Skydiving spree: Skydive Fargo sets state records
Area skydivers are officially putting their names in the record books. Jumpers from Skydive Fargo, the only skydiving drop zone in the Dakotas, set a string of five state records June 9-11. The records included Minnesota's largest formation, a ri...
Area skydivers are officially putting their names in the record books.
Jumpers from Skydive Fargo, the only skydiving drop zone in the Dakotas, set a string of five state records June 9-11.
The records included Minnesota's largest formation, a ring of 12 people gripping hands from 14,500 feet above the Detroit Lakes (Minn.) Fly-In on June 10.
"To get 12 skilled-enough skydivers to be able to do that is pretty good," said Becky Baird of West Fargo, who has been jumping for about 10 years.
Baird was involved in an unofficial North Dakota record 17-person formation in 2008, but "to get some of our newer jumpers involved was kind of a neat experience," she said.
Baird and her husband, Wade, both took part in the record setting, together forming North Dakota's largest head-down formation on June 9.
In the 14,500-foot 12-person formation, Becky Baird also set the record for Minnesota's highest female jump, while Wade Baird, Tim Estenson and Brad Heim set a North Dakota record for highest altitude Sunday at 16,500 feet.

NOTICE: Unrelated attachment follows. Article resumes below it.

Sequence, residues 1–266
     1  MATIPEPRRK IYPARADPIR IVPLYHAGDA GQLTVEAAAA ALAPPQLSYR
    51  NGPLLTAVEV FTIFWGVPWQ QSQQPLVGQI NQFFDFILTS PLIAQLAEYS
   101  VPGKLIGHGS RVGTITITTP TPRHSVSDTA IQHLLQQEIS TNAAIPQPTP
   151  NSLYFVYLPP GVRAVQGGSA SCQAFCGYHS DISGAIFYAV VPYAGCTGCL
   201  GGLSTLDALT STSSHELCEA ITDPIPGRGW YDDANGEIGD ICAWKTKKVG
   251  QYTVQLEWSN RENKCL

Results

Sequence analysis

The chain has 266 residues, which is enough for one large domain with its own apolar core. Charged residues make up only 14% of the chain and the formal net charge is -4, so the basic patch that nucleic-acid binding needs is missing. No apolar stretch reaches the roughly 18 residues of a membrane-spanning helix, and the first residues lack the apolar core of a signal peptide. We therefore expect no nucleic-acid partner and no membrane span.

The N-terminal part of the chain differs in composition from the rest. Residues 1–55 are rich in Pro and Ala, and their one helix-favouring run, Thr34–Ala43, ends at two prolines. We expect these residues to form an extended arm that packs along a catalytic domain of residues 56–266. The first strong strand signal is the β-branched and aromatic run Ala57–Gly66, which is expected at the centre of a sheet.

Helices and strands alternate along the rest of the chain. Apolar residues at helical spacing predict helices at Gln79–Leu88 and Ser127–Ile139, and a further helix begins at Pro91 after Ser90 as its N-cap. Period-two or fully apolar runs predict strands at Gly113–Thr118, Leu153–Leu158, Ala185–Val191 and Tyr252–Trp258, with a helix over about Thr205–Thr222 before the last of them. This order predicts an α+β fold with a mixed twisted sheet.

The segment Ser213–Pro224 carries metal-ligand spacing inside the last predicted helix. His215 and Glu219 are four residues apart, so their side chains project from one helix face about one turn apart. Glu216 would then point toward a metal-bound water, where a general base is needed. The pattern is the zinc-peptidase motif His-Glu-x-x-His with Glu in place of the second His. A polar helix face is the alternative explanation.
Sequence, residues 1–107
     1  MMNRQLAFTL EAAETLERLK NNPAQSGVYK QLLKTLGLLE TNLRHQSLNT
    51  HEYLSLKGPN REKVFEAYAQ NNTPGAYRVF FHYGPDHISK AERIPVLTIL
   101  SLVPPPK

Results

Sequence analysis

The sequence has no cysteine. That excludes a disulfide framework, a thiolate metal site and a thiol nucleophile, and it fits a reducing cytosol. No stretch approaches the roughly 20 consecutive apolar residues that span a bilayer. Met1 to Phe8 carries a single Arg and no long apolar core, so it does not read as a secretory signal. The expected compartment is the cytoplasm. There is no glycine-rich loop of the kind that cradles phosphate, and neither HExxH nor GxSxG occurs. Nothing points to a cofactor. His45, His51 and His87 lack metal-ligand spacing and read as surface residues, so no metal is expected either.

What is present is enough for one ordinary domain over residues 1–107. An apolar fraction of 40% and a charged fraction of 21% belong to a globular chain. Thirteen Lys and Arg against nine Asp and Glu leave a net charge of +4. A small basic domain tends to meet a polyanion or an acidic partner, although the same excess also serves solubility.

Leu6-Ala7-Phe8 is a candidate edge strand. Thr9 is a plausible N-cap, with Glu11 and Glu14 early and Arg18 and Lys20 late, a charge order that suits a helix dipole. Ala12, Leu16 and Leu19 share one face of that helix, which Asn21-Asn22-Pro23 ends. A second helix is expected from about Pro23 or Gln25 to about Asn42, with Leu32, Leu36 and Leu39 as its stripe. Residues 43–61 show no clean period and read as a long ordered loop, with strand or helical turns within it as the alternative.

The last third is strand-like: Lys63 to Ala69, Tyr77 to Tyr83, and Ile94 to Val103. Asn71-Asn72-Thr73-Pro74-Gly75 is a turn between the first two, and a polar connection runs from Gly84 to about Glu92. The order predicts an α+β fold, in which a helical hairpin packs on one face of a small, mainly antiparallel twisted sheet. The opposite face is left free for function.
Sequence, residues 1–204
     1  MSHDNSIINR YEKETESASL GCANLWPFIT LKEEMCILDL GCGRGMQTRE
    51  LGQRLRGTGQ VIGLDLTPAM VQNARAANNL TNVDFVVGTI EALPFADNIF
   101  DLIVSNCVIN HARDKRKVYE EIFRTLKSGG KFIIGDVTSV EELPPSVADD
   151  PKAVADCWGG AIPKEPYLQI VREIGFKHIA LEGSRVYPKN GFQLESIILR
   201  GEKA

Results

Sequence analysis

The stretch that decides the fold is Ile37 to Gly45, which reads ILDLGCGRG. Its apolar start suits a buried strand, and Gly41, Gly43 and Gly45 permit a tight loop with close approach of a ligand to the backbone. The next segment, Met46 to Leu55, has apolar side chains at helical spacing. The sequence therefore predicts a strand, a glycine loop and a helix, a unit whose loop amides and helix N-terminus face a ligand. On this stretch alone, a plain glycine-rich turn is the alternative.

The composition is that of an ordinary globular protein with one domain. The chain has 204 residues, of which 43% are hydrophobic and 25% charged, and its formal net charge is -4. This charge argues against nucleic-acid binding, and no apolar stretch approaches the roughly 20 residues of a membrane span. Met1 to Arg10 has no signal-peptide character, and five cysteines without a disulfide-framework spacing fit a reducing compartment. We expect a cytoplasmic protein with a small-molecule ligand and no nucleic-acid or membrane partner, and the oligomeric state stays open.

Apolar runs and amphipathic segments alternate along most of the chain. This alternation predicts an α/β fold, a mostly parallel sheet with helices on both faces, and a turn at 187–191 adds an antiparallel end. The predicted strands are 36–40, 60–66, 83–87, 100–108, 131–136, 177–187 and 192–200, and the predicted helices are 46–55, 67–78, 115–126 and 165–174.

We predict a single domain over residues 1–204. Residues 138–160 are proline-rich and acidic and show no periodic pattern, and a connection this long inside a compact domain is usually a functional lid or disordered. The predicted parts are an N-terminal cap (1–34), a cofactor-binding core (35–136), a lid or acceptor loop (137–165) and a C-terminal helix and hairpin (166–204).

The achievements are now considered "official" because the United States Parachute Association began keeping track of records three years ago, but Wade Baird said some of the records have likely been set before without being made official.
Skydiving as a sport is slow to grow in North Dakota, with jumping limited to the summer months. Still, Skydive Fargo now has three female jumpers, which Becky Baird said may be a testament to the sport's growth.
"It's kind of an addiction," she said.
Becky Baird also set a Nebraska record last weekend for the largest female head-down dive with three other jumpers. She will head to Chicago next week for field camp in hopes of being part of a world-record attempt at the women's head-down formation, with 22 jumpers.
The Bairds say they plan to continue setting records, along with the rest of the Skydive Fargo crew.
"A large part of skydiving is pushing the boundary and pushing yourself to improve," Wade Baird said.
"Skydiving is a pretty humbling sport. Right when you think you get good enough, you go ahead and try something, and you realize you're not as good ... I guess that's why the record setting is fun," he said.
Emily Hartley at The Forum of Fargo-Moorhead, which is owned by Forum Communications Co.